University of Iowa study: Variation in words may help early learners read better

16 Jan

Moi discussed the importance of reading in Reading is a key component of learning:

The goal of parents, teachers, students, and society should be that all children succeed in obtaining a good basic education. In order to achieve this goal, children must come to school ready to learn. See, Illiteracy in America

The University of Michigan Health Center explains why reading is important in the article, Reading, Literacy and Your Child:

What is literacy?

Literacymeans being able to read and write.

Why is reading important?

A child’s reading skills are important to their success in school and work. In addition, reading can be a fun and imaginative activity for children, which opens doors to all kinds of new worlds for them.  Reading and writing are important ways we use language to communicate.

How do reading and language skills develop?

For an answer to this question, check out the following link:

Research has identified five early reading skills that are all essential.  They are [1]:

  • Phonemic awarenessBeing able to hear, identify, and play with individual sounds (phonemes) in spoken words.

  • PhonicsBeing able to connect the letters of written language with the sounds of spoken language.

  • VocabularyThe words kids need to know to communicate effectively.

  • Reading comprehensionBeing able to understand and get meaning from what has been read.

  • Fluency (oral reading)Being able to read text accurately and quickly.

How can we make reading part of our family’s lifestyle?
Parents play a critical role in helping their children develop not only the ability to read, but also an enjoyment of reading.

  • Turn off the tube.  Start by limiting your family’s television viewing time. 

  • Teach by example.  If you have books, newspapers and magazines around your house, and your child sees you reading, then your child will learn that you value reading.  You can’t over-estimate the value of modeling.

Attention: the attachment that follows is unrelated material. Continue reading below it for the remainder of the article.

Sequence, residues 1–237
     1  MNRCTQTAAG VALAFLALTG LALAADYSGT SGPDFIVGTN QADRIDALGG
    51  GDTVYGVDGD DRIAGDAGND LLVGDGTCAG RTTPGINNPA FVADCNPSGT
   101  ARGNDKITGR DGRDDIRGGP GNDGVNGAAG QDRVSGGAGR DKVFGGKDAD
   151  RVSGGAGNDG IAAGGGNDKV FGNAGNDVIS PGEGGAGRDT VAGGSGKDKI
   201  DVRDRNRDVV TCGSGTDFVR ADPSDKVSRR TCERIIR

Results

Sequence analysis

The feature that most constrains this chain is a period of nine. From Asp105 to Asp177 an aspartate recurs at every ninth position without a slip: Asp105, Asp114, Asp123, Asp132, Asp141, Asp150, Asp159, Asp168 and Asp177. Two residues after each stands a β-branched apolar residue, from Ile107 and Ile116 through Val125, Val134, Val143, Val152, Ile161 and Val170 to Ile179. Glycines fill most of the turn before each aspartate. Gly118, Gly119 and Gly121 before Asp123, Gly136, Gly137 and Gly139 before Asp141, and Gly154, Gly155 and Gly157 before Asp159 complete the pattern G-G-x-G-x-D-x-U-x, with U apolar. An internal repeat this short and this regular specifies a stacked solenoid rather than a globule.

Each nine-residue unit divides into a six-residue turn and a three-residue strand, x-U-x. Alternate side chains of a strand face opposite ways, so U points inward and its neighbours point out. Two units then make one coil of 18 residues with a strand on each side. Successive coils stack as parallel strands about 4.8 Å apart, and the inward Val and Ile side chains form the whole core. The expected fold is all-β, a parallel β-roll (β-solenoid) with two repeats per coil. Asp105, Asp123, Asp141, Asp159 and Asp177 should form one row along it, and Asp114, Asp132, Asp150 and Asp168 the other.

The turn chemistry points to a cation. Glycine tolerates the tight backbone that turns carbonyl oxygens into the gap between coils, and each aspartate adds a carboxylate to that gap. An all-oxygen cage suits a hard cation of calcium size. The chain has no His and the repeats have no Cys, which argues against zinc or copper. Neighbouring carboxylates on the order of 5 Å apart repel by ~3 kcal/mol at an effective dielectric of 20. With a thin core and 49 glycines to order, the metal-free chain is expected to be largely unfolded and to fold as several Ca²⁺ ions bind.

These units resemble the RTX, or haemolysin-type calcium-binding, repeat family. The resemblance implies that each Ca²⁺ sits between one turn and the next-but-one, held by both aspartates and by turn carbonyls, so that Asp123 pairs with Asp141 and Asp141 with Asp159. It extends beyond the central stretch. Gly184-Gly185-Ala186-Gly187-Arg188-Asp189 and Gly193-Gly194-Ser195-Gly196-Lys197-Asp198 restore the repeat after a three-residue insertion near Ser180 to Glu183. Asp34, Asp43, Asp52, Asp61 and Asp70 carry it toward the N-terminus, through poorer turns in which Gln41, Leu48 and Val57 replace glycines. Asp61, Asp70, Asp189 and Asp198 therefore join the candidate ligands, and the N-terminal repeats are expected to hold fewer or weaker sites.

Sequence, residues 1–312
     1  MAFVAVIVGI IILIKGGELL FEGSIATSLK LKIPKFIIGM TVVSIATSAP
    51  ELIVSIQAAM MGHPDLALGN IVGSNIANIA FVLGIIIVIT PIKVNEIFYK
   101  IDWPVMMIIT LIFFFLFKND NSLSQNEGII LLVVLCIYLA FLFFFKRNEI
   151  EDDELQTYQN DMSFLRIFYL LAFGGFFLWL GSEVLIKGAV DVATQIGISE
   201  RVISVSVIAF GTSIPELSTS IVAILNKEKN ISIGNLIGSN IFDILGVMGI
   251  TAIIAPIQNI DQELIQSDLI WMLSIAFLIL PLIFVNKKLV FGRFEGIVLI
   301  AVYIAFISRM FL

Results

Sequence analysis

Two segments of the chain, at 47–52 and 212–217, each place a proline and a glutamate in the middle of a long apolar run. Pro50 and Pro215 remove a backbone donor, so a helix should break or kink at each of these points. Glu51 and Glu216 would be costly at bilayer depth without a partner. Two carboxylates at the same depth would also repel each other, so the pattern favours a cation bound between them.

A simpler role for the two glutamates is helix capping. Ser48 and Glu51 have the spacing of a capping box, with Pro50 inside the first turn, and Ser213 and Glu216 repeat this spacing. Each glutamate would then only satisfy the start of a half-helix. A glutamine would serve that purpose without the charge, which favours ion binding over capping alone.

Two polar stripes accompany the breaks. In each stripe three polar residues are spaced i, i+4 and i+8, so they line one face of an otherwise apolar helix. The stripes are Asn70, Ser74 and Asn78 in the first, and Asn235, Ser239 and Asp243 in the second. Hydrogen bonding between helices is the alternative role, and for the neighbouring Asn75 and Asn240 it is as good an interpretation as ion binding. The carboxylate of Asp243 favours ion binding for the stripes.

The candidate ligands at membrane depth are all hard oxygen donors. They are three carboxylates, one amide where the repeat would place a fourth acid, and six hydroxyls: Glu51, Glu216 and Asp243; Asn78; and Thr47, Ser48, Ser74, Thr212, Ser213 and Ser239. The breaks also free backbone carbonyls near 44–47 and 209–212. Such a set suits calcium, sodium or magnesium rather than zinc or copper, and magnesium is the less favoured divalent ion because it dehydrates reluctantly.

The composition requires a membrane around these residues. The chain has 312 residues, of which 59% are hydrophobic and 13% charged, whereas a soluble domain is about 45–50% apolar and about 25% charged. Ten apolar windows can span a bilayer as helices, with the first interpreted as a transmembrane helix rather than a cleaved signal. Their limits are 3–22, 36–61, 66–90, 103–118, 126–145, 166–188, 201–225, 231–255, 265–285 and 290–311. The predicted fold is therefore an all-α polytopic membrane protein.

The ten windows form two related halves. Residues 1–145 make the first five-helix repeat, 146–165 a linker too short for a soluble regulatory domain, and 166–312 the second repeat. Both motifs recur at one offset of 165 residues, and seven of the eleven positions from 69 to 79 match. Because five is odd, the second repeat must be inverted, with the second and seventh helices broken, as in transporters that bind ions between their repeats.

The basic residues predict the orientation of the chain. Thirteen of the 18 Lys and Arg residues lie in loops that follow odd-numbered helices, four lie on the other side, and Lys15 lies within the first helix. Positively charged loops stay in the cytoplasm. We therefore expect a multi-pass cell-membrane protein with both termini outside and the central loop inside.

• Read together.  Reading with your child is a great activity.  It not only teaches your child that reading is important to you, but it also offers a chance to talk about the book, and often other issues will come up.  Books can really open the lines of communication between parent and child. 

  • Hit the library.  Try finding library books about current issues or interests in your family’s or child’s life, and then reading them together.  For example, read a book about going to the dentist prior to your child’s next dental exam, or get some books about seashore life after a trip to the coast.  If your child is obsessed with dragons, ask your librarian to recommend a good dragon novel for your child.

There are many ways to include reading in your child’s life, starting in babyhood, and continuing through the teen years.  Focus on literacy activities that your child enjoys, so that reading is a treat, not a chore.

Reading skills are particularly important in academic success because of “Common Core Standards Initiative.” The “Common Core State Standards Initiative” is a state-led effort coordinated by the National Governors Association Center for Best Practices (NGA Center) and the Council of Chief State School Officers (CCSSO).

Dian Schaffhauser reports in The Journal article, Word Variety Helps Early Learners:

Exposure to word variation for early readers may boost their abilities, according to a new study by researchers from the University of Iowa to be published in the January issue of Developmental Psychology. To test out the hypothesis, the researchers used Access Code, an online application from Foundations in Learning that applies the “Varied Practice Model” in helping students with word recognition. With varied practice, tasks are changed so that the student is continually exposed to new things to learn. Access Code attempts to help “struggling” readers improve fluency and comprehension of the material.